bulle, mer, vin

20,000 bubbles
the sea

bulle, mer, vin
To study the ageing potential of its wines, Veuve Clicquot immerseda batch of 350 bottles in a secret spot in the Baltic Sea.
bulle, mer, vin
A sample is tested every three years

The discovery of 200-year-old champagne bottles in a sunken ship prompted Veuve Clicquot to pilot an amazing underwater cellar.

In 2010, the discovery of the wreck of a ship that had sunk in the Baltic nearly two centuries ago revealed an incredible treasure trove. Inside, over 168 bottles were lying in the disintegrating holds, including 47 bottles of Veuve Clicquot dating from 1839 to 1841. When the first of these bottles was brought to the surface, the cork shot out as a result of the change in pressure. The team of divers who tasted the contents discovered a sweet wine (in the 19th century, a large amount of sugar was added to champagne), with a slight fizz despite lying forgotten for 200 years. When these bottles, some of which were perfectly conserved, were tasted later on, specialists were surprised by the longevity of the wines, prompting Veuve Cliquot to repeat the experience.

In June 2014, it launched the Cellar in the Sea initiative off a small island in the Åland archipelago between Sweden and Finland, not far from where the wreck was discovered, submerging 350 bottles at a depth of 43 meters. The bottles lie in almost complete darkness, at a stable temperature fluctuating between 4° and 6°C. The aim is to “understand and compare how our wines age, between those in the sea, at a pressure of 5.3 kg, and those that are stored in our cellars,” explains Domi-nique Demarville, chief cellarman at Maison Veuve Clicquot. The special corks created for the occasion are more resistant to salt water, even though the Baltic is much less salty here than in the Atlantic Ocean. Different wines were submergedCarte Jaune in 75cl bottles and magnums, 2004 Vintage Rosé and semi-dry winesand samples are taken at regular intervals, then sent to the oenological universities of Reims and Bordeaux to study the different stages in their evolution. The experiment, which will run for 40 years, should lead to progress and innovation in wine storage. It should be pointed out that the bottles were submerged in a secret location, stored in a steel cage that cannot be opened by even the most perfidious of frogmen. The resident lobsters and shellfish keep watch in complete silence, ensuring that the operation goes smoothly.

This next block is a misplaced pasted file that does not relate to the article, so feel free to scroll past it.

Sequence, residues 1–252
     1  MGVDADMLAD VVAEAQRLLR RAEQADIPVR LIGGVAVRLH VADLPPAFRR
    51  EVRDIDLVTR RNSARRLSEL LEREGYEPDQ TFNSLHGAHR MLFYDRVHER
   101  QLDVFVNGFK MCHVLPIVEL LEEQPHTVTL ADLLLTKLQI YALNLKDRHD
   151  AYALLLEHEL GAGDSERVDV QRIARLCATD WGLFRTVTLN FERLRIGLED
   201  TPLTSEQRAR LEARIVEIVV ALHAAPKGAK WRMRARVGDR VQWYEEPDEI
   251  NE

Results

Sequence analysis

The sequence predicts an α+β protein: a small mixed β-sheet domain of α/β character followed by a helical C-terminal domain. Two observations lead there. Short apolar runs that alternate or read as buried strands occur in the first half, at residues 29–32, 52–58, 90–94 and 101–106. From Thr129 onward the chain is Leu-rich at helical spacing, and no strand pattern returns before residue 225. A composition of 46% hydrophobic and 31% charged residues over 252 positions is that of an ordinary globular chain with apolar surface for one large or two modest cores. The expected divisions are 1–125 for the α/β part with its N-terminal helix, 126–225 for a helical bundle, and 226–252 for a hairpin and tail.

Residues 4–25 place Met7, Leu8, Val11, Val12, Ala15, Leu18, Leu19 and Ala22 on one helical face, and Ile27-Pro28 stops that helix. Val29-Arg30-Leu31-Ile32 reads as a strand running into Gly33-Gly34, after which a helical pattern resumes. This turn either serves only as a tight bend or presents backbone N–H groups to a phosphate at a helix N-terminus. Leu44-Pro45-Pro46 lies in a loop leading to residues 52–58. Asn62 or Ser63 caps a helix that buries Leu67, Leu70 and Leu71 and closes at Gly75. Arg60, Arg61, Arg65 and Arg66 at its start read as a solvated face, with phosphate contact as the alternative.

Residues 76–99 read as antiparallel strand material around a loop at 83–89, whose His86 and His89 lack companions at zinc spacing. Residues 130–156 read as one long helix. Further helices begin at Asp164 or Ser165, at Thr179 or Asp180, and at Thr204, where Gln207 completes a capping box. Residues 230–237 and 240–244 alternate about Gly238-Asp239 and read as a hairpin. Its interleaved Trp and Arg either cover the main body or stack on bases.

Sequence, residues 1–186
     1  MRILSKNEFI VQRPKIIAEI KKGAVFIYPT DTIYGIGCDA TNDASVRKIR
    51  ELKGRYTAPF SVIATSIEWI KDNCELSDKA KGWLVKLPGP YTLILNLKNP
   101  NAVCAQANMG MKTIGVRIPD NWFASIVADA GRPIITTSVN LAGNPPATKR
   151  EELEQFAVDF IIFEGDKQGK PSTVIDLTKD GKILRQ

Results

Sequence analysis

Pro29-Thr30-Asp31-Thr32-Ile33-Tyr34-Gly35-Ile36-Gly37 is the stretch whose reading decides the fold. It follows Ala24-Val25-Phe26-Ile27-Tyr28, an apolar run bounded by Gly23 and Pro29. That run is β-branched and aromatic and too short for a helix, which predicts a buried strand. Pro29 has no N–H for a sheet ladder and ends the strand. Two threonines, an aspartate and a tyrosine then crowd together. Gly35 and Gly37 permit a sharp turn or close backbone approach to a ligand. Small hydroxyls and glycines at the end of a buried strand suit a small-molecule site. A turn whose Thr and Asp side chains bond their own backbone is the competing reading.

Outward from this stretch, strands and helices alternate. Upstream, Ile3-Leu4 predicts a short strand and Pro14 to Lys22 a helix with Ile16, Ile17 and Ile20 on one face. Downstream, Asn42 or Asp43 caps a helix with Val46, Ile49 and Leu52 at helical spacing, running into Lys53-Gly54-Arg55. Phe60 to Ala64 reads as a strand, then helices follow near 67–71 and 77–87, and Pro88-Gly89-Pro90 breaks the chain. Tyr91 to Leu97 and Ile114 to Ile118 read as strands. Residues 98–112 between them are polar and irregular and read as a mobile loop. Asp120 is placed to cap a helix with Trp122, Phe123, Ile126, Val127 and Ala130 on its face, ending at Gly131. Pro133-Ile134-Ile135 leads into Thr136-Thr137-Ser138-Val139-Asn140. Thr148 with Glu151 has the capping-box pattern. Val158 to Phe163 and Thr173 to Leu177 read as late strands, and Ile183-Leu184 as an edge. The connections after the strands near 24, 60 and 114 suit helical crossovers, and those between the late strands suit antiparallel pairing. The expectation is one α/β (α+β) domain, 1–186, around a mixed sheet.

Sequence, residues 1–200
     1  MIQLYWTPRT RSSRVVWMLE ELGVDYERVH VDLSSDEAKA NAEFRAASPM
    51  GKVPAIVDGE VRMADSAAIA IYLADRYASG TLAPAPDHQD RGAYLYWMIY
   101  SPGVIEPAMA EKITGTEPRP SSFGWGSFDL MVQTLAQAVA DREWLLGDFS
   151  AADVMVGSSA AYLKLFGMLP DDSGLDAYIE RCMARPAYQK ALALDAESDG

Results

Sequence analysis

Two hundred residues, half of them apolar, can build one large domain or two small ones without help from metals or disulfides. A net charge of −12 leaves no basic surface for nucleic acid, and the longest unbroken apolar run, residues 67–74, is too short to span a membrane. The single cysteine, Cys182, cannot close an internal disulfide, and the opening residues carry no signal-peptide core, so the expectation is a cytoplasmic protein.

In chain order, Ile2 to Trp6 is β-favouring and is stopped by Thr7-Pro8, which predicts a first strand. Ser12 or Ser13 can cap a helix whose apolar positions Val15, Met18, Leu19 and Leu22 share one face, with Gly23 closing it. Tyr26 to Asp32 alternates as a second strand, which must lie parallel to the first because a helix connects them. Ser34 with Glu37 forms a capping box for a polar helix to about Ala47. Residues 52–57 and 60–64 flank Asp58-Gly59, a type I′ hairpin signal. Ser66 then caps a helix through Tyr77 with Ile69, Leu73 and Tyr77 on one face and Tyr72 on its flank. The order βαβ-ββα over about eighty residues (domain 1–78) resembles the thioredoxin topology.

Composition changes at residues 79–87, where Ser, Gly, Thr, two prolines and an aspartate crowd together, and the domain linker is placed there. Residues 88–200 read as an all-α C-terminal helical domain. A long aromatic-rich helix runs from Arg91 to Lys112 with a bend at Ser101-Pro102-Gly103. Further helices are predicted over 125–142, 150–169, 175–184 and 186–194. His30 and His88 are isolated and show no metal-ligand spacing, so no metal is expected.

© Roman Jehanno / Veuve Clicquot
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